When the political activist Al Sharpton pivoted from his war against bigmouth radio man Don Imus to a war on bad-mouth gangsta rap, the instinct among older music fans was to roll their eyes and yawn. Ten years ago, another activist, C. Delores Tucker, launched a very similar campaign to clean up rap music. She focused on Time Warner (parent of TIME), whose subsidiary Interscope was home to hard-core rappers Snoop Dogg and Tupac Shakur. In 1995 Tucker succeeded in forcing Time Warner to dump Interscope.
Her victory was Pyrrhic. Interscope flourished, launching artists like 50 Cent and Eminem and distributing the posthumous recordings of Shakur. And the genre exploded across the planet, with rappers emerging everywhere from Capetown to the banlieues of Paris. In the U.S. alone, sales reached $1.8 billion.
The lesson was Capitalism 101: rap music's market strength gave its artists permission to say what they pleased. And the rappers themselves exhibited an entrepreneurial bent unlike that of musicians before them. They understood the need to market and the benefits of line extensions. Theirs was capitalism with a beat.
Today that same market is telling rappers to please shut up. While music-industry sales have plummeted, no genre has fallen harder than rap. According to the music trade publication Billboard, rap sales have dropped 44% since 2000 and declined from 13% of all music sales to 10%. Artists who were once the tent poles at rap labels are posting disappointing numbers. Jay-Z's return album, Kingdom Come, for instance, sold a gaudy 680,000 units in its first week, according to Billboard. But by the second week, its sales had declined some 80%. This year rap sales are down 33% so far.
Longtime rap fans are doing the math and coming to the same conclusions as the music's voluminous critics. In February, the filmmaker Byron Hurt released Beyond Beats and Rhymes, a documentary notable not just for its hard critique but for the fact that most of the people doing the criticizing were not dowdy church ladies but members of the hip-hop generation who deplore rap's recent fixation on the sensational.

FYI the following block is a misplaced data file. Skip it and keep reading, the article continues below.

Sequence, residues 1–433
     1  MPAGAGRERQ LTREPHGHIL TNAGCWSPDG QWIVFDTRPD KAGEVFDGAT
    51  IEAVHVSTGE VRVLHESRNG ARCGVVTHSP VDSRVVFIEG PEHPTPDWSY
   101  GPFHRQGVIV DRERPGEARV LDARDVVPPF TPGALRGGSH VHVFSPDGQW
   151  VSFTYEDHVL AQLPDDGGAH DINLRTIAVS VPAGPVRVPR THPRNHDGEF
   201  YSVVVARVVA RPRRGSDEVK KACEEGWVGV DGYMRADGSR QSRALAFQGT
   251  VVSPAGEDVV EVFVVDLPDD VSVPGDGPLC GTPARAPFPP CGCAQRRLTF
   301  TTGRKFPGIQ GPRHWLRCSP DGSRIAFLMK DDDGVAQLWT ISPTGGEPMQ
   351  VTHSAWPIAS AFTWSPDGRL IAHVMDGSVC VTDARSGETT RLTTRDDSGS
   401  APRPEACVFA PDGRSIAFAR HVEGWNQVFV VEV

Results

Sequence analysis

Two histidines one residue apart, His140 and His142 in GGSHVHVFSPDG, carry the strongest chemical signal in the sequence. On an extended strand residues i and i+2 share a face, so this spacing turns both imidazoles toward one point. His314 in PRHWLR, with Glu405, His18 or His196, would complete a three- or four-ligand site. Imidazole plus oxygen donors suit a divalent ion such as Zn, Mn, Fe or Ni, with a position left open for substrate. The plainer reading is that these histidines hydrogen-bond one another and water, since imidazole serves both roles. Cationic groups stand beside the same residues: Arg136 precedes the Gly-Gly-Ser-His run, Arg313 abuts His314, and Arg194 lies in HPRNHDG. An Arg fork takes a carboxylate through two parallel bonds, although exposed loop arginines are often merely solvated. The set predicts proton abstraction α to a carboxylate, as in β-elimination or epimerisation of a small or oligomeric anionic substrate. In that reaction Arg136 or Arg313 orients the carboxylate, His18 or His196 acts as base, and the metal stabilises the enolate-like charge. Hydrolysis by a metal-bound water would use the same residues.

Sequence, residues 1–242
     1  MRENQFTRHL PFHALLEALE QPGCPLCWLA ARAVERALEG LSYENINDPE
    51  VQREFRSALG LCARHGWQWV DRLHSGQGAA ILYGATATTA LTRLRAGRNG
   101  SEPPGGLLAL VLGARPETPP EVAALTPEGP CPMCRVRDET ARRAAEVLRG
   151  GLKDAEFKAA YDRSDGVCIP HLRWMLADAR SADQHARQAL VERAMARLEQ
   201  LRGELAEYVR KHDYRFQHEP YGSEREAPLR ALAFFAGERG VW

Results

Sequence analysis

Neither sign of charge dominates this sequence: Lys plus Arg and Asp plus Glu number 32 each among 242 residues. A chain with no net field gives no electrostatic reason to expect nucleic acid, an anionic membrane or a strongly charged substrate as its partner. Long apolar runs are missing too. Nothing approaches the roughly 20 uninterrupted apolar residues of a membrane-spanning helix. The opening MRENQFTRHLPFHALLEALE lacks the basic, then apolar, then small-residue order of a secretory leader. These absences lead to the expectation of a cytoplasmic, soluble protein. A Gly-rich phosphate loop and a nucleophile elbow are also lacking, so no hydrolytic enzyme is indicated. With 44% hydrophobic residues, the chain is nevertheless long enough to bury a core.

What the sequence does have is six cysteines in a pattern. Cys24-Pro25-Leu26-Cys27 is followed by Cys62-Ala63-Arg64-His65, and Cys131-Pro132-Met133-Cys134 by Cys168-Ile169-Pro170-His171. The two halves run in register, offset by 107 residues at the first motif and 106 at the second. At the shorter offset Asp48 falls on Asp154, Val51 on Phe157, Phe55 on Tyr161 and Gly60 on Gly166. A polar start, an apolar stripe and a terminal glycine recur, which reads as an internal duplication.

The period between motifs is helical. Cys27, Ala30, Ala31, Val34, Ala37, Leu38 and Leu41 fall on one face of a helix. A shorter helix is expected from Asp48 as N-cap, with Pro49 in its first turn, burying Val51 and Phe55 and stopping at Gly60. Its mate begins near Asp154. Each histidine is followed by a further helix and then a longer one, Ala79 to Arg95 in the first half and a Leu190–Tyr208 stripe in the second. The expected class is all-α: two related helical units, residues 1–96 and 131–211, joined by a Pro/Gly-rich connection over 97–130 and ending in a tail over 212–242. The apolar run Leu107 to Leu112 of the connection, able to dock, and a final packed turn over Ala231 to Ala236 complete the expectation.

Both rappers and music execs are clamoring for solutions. Russell Simmons recently made a tepid call for rappers to self-censor the words nigger and bitch from their albums. But most insiders believe that a debate about profanity and misogyny obscures a much deeper problem: an artistic vacuum at major labels. "The music community has to get more creative," says Steve Rifkin, CEO of SRC Records. "We have to start betting on the new and the up-and-coming for us to grow as an industry. Right now, I don't think anyone is taking chances. It's a big-business culture."
It's the ultimate irony. Since the 1980s, when Run-DMC attracted sponsorship from Adidas, the rap community has aspired to be big business. By the '90s, those aspirations had become a reality. In a 1999 cover story, TIME reported that with 81 million CDs sold, rap was officially America's top-selling music genre. The boom produced enterprises like Roc-A-Fella, which straddled fashion, music and film and in 2001 was worth $300 million. It produced moguls like No Limit's Master P and Bad Boy's Puff Daddy, each of whom in 2001 made an appearance on FORTUNE's list of the richest 40 under 40. Along the way, the music influenced everything from advertising to fashion to sports.